That was a … monster job. But one that we tackled alongside the guys at the yard.  And, Phillip and I learned a great deal about structural repairs and fiberglass work while we did it.  While it was definitely not fun or cheap, it was undeniably necessary to repair the boat and highly educational.  And, it has started to pay for itself over time.  Because you know who handled the repair of this rotten stringer portion under our engine?

Yours Truly.

While the guys at the yard were great to set me up with the right tools and supervision, it turned out to be a project I could totally handle on my own.  (Which to be honest, just felt pretty fucking cool.)  Once I started digging into the stringer, I found it, thankfully, was not rotted the entire way through—just a portion which, no surprise, laid right underneath our raw water pump.

 

Before we replaced our Sherwood pump with a Johnson a couple of years back, we had battled leaks from our raw water pump and rebuilt and replaced that Sherwood several times with still no luck.  We put the Johnson pump in in 2017 and haven’t had a drop down there since.  But, Sherwood had already done his damage.  However, I was pleased to find it was just a small portion of the stringer.

I will say, just like our stringers under the mast step, these stringers under the engine were not glassed on top.  This just baffles me.  So, the vertical surface where water will probably sit and where bolts will likely be drilled into—that area—you’re not going to glass.  Just the sides and leave the top as fresh, exposed wood?  While I love our boat and most of the design features, these stringers left un-sealed and exposed on the top was just not a good idea.  But, c’est la vie.  I’ve said my peace.  It is what it is.  We had rot. I had to fix it.

I showed the boys at the yard the amount of damaged wood I was able to pick and scrape away and I recommended I then cut a square portion out that we could replace with coosa inserts (much like we had done with the rotten stringers under our mast) and glass them in to build the stringer back up.  Once I got the okay, I was set to work.

The hardest part of this job (and it was a very uncomfortable four-or-so hours for me squished and sweaty down in the engine room) was cutting out the square notch. There is just not a lot of room down there and the configuration forces some very hard angles of your body and wrists in order to accomplish square cuts.  Plus, that marine plywood (when it is not compromised by rot) is some pretty dense stuff.  It took a while with a Ryobi handheld blade and an air blade saw to get it knocked out, but I did it!

 

 

I then made templates (beginning first with construction paper) for the coosa inserts.  I made Phillip cut the coosa (as payment for my services down in the engine room ; ) and they ended up being a very nice fit.

 

Our first step (again, much like we did with the mast step stringer inserts) was to “butter them up” as Brandon says, and glass them into place.

The next day I floated some of the gaps with 610 for a nice flush fit.

Then Brandon had the good idea to make a batch of resin and use a syringe to inject it down where the fiberglass walls of our stringers had started to pull away from the wood and then clamp them back to the wood for rigidity.  This is the port stringer, which did not have rot, but we still needed to glue the fiberglass walls back into place:

Brandon also recommended we then lay a sheet of glass over everything over to seal it all up, allowing no more water intrusion.

I will say I got some props from the boys at the yard for handling this one on my own (and on my own time, so my own dime).  I was quite pleased, as well, with how it turned out.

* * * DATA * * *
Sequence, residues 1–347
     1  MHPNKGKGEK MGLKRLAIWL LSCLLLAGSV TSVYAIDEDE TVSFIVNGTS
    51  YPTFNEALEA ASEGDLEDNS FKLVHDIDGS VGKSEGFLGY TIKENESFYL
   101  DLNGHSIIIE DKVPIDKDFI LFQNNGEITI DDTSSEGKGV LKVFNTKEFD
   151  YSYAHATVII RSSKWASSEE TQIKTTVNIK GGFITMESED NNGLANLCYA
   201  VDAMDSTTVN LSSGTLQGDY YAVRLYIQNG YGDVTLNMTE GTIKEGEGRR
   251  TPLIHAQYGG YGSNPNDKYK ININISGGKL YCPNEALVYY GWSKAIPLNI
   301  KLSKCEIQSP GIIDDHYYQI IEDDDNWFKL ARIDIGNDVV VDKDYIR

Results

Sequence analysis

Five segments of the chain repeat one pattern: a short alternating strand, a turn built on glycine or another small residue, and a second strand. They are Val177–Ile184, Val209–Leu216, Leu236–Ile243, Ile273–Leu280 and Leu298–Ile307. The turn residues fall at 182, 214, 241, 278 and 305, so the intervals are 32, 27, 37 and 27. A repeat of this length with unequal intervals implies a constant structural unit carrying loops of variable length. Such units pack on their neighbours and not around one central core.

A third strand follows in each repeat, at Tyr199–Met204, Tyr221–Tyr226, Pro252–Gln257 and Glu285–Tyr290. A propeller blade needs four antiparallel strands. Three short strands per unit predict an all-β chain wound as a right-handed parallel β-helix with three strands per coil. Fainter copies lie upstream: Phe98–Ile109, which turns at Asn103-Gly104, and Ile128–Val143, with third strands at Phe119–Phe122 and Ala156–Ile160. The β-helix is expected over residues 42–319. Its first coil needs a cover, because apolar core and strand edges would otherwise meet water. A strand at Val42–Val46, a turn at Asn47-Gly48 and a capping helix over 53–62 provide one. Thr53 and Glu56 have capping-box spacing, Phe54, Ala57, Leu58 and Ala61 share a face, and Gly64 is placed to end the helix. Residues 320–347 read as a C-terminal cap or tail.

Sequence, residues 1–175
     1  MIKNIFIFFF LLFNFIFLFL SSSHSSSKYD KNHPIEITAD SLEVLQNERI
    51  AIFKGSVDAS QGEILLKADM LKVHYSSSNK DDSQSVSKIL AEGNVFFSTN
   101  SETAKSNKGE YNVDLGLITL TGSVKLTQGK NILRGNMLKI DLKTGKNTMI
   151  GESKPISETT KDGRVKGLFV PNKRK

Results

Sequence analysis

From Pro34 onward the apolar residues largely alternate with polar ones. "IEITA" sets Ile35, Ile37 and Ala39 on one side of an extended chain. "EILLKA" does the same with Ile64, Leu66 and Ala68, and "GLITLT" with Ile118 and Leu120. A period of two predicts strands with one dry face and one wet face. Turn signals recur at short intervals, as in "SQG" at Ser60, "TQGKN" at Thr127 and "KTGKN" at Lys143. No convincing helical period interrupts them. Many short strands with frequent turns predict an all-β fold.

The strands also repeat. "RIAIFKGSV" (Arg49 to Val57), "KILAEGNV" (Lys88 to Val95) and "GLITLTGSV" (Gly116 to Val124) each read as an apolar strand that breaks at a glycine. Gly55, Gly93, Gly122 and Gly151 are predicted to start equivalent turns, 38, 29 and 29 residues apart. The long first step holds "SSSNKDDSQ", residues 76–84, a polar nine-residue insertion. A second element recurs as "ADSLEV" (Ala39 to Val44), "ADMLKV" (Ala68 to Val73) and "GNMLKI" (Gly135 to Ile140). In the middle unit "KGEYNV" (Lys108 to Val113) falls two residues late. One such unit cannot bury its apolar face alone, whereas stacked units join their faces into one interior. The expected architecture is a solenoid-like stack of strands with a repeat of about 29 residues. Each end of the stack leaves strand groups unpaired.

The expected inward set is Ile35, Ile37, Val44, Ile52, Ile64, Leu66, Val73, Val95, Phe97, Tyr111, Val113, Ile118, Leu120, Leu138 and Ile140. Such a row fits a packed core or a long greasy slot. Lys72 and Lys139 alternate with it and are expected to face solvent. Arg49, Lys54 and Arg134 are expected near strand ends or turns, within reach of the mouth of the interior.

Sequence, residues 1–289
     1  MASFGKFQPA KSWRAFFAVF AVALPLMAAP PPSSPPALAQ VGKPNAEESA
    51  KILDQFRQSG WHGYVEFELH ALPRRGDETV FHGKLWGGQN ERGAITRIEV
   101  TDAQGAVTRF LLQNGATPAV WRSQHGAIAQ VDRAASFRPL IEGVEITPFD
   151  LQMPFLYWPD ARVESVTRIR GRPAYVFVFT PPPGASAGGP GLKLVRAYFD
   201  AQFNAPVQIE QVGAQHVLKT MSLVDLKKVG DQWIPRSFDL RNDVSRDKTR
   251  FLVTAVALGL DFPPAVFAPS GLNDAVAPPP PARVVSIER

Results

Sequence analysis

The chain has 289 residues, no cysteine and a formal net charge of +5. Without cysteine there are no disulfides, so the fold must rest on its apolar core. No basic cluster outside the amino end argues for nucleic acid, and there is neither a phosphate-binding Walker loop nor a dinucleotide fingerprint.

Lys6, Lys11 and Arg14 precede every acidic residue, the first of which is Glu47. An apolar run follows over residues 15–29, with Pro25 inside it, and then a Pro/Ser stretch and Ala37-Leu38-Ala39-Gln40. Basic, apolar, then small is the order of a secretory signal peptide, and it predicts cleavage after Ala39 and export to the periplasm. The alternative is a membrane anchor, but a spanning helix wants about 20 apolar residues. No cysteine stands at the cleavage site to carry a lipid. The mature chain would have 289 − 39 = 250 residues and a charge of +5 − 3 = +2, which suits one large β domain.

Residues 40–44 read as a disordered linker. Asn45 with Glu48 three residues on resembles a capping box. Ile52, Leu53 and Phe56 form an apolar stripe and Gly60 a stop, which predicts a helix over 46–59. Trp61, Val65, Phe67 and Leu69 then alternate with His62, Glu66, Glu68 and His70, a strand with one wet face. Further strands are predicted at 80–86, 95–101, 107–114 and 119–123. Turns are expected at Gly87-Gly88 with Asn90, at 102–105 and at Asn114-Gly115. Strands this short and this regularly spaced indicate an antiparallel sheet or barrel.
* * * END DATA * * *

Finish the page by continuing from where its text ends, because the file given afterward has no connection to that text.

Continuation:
Shane helped us to cut and lay glass on the other stringer as well, just for added measure.

It truly is amazing he fits down there, but I can’t tell you how many times he went up and down the ladder and squeezed himself down there to do hours upon hours of work.  “Think small thoughts,” he was say, jokingly, as he made his way down.

And, very much Brandon-style, Brandon recommended (while we already in there glassing) to go ahead and add two extra supports on the front of the engine near the transmission to help keep Westie extra secure.  Do any of you know what these support beams are called?

Gussets!

I was learning something new everyday.  And, the “rounded corners” you make with resin and 406 (because fiberglass does not like 90-degree angles) are called fillets.  I’ll spare you the crazy conversation Shane and I had him trying to explain to me how to make fillets for the gussets.  I was a lost cause at first, but the boys stuck with me and dumbed things down a bit so I could pick up what they were putting down and *voila!*  It was totally worth it!

We also painted the entire area around and under the engine, including the stringers, so everything would be pristine for the re-mount.  I knew a fresh coat of Bilgekote grey would make the perfect back-drop for our bright-and-shiny Westie-red!

Next up, we paint that puppy!  Who’s excited?!

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4 Responses to Shipyard Project No. 4: Repair of Rotten Engine Stringer

  1. Jw says:

    Annie,
    You make it look easy! Great job!

  2. Chris Varvarosky says:

    You asked, what do you call the brace that is at a right angle to the engine stringer? I would call it a gusset.
    I want to thank you for your videos, without them I wouldn’t have know what a Niagara 35 was and wouldn’t have even considered buying one. My wife and I are currently in Dunkirk N.Y. on our way to the Erie canal in our Niagara 35. We hope to get to Ft Pierce Florida then to the Bahamas this winter. We have had one spirited sail so far, 30kts dead down wind in Lake Erie chop. The boat handled great,with just a little headsail rolled out, and auto could keep up. I have been posting updates to facebook.

  3. Pingback: Shipyard Project No. 5: Re-Painting and Re-Insulating the Engine | Have Wind Will Travel